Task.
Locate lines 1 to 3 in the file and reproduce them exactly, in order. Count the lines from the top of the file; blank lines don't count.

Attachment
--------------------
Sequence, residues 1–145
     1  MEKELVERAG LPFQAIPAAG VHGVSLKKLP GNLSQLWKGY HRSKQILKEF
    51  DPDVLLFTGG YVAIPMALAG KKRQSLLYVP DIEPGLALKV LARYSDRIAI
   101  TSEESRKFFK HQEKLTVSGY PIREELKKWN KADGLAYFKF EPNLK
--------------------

Sequence, residues 1–145
     1  MEKELVERAG LPFQAIPAAG VHGVSLKKLP GNLSQLWKGY HRSKQILKEF
    51  DPDVLLFTGG YVAIPMALAG KKRQSLLYVP DIEPGLALKV LARYSDRIAI